A stepper motor needs a specialised stepper motor driver. Stepper motors work in a very different way to DC motors. Stepper motors move one step for every pulse. The pulses are usually very short and the speed is controlled by varying the interval between pulses.
These links may help
Stepper Motor Basics
Simple Stepper Code
DC motors need a h-bridge motor driver (assuming you need to be able to control the direction). The h-bridge by itself just acts as a switch that is controlled by the Arduino. If you want to control the motor speed you do that using PWM (analogWrite() ) which generates a series of pulses with the width varying to control how much energy is passed to the motor. When the pulses are narrow the motor is only getting power for a small part of the PWM cycle. and the average energy passed to the motor is low. The pulse frequency is completely unrelated to the speed of the motor.
A servo (meaning a hobby servo) has its electronic control inside the box so the Arduino just needs to send it a signal that indicates the position the servo arm should move to. Unfortunately the term PWM is also used for the signal that controls a servo although the way it is used is very different from the PWM that controls a DC motor. In the case of a servo the width of the pulse (between about 400 and 2400 microsecs) define the angle of the servo arm - roughly between 0 and 180 degrees, but that varies a bit with different servos.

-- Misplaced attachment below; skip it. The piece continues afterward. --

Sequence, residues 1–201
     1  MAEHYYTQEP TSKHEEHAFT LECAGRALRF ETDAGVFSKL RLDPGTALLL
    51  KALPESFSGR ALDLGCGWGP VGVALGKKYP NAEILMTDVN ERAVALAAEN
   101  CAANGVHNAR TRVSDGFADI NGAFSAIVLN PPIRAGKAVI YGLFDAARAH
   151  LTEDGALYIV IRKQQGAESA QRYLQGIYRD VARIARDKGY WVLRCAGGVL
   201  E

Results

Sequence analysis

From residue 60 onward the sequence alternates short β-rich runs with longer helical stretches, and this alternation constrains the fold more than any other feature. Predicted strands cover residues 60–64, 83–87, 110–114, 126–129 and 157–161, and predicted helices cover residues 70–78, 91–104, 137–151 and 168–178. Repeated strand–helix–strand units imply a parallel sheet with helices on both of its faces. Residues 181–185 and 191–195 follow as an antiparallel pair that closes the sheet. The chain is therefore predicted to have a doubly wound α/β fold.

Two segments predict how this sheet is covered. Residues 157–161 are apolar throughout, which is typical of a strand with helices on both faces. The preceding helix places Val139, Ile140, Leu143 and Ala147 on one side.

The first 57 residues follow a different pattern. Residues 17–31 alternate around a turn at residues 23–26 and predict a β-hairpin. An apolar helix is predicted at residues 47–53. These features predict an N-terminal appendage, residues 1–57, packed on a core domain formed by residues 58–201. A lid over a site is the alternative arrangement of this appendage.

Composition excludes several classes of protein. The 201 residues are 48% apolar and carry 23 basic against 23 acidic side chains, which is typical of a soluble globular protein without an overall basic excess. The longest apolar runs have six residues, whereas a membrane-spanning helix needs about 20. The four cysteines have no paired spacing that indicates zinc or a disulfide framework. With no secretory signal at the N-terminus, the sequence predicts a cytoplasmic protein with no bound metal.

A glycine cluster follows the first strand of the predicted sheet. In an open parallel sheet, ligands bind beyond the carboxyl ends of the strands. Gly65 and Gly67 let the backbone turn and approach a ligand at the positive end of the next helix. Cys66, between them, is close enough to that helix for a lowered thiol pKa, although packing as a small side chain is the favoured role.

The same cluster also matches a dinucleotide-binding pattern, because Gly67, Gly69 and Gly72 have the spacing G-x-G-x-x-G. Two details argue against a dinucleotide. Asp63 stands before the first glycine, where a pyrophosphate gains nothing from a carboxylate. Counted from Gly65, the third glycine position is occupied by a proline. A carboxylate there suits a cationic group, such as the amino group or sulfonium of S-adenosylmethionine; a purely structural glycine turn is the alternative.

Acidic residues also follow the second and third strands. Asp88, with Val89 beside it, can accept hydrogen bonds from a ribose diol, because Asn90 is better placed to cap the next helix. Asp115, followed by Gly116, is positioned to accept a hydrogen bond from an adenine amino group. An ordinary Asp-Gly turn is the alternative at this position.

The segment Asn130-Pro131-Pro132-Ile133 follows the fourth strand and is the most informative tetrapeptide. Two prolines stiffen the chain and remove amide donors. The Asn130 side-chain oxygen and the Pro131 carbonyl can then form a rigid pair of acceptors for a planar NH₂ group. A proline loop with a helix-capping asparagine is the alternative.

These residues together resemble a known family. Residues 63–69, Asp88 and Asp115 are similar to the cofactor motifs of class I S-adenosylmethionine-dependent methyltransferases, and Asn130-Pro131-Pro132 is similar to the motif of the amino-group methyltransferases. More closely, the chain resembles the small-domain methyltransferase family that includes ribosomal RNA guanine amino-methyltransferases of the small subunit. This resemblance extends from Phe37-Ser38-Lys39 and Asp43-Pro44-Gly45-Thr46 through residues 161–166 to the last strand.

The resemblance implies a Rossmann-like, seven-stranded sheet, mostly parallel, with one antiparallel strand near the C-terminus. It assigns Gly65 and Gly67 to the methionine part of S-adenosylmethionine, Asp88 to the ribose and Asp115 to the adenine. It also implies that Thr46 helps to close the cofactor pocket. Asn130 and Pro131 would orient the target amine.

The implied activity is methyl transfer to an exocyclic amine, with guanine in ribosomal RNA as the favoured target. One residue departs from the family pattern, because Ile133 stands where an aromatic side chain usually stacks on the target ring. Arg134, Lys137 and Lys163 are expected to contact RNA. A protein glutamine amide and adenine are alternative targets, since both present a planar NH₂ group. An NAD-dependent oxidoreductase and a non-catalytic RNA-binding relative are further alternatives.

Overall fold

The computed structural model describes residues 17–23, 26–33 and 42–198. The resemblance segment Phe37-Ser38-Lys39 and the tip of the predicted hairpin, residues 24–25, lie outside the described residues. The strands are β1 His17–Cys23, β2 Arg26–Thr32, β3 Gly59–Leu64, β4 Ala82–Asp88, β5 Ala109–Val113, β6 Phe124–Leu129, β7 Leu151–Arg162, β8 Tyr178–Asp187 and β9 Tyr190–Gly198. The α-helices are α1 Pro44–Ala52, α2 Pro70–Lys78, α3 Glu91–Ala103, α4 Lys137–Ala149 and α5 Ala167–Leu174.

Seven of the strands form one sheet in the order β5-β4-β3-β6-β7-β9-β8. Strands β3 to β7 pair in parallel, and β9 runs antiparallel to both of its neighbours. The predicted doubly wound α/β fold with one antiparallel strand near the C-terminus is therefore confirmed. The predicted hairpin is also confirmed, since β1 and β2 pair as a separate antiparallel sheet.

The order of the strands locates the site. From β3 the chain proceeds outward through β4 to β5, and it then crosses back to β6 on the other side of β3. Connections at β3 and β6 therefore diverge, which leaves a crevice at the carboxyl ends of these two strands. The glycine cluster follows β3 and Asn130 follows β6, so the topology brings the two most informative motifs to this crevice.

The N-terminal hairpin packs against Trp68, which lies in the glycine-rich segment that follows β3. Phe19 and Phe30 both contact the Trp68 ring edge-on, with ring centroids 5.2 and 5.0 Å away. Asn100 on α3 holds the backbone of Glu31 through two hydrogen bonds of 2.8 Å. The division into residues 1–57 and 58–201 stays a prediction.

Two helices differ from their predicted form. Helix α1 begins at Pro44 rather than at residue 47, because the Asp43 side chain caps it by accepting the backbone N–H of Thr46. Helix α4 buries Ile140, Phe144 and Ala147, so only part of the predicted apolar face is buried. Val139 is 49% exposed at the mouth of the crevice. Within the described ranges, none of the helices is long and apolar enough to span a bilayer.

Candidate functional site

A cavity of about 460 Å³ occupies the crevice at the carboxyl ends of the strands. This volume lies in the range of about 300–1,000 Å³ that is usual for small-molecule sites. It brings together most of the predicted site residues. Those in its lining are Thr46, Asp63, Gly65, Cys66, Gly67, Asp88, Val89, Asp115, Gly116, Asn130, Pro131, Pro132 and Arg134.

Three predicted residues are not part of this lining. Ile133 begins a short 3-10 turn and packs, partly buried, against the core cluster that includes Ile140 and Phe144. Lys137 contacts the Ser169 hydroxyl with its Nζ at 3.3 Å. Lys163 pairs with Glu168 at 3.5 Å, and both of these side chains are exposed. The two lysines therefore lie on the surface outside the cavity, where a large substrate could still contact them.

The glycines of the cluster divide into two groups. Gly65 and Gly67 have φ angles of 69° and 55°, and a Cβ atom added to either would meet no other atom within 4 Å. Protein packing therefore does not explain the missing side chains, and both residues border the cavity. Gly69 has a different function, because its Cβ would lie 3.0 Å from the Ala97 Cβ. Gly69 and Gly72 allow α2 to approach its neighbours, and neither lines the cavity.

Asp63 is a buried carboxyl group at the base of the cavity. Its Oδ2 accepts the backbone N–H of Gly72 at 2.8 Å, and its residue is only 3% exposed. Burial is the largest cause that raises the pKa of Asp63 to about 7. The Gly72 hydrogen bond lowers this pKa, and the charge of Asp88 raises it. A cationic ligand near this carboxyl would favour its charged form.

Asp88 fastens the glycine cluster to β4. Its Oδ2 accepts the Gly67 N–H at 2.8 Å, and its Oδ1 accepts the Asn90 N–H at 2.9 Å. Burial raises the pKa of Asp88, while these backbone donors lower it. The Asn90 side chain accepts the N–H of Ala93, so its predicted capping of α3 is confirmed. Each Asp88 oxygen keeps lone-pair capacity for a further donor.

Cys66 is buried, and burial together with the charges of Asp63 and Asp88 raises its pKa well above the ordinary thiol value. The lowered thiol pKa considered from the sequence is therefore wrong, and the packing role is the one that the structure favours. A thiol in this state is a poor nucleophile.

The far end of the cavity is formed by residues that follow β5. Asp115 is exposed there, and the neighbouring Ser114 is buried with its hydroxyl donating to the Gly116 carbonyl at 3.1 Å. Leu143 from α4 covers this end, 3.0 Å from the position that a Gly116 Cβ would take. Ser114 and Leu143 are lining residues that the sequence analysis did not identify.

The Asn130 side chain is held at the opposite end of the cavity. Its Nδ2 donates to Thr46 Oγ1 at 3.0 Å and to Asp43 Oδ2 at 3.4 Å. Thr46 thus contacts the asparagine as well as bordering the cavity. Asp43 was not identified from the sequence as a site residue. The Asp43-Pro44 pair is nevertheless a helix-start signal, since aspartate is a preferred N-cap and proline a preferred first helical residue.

Thank you, Robin. I appreciate you taking the time to spell that out. The coding link will be especially useful, as I plan to purchase a set of A4988 Stepper drivers on a CNC shield (eventually).
Part of my confusion comes from the wide variety of components available on the market. Take, for example, the "Qunqi L298N Motor Drive Controller Board Module Dual H Bridge DC Stepper For Arduino" (from Amazon). This little board says that it can drive either a Stepper Motor or a DC Motor. This was the reason for my question, as it led me to believe that they may be the same thing. I'm guessing that this specific board just has more capability.
Your paragraph of PWM also begs more questions. I'm familiar with PWM and duty-cycle, but I thought it was a digital signal....not analog. I use the Fast_LED library for a string of addressable lights, and I believe that is a digital PWM signal? That may be a topic for a different section, however.
EDIT I just finished reading through your tutorial that you posted above, and it was very helpful. If you have tutorials on any related topic, I would like to read it. Please let me know if there is a link to your tutorials.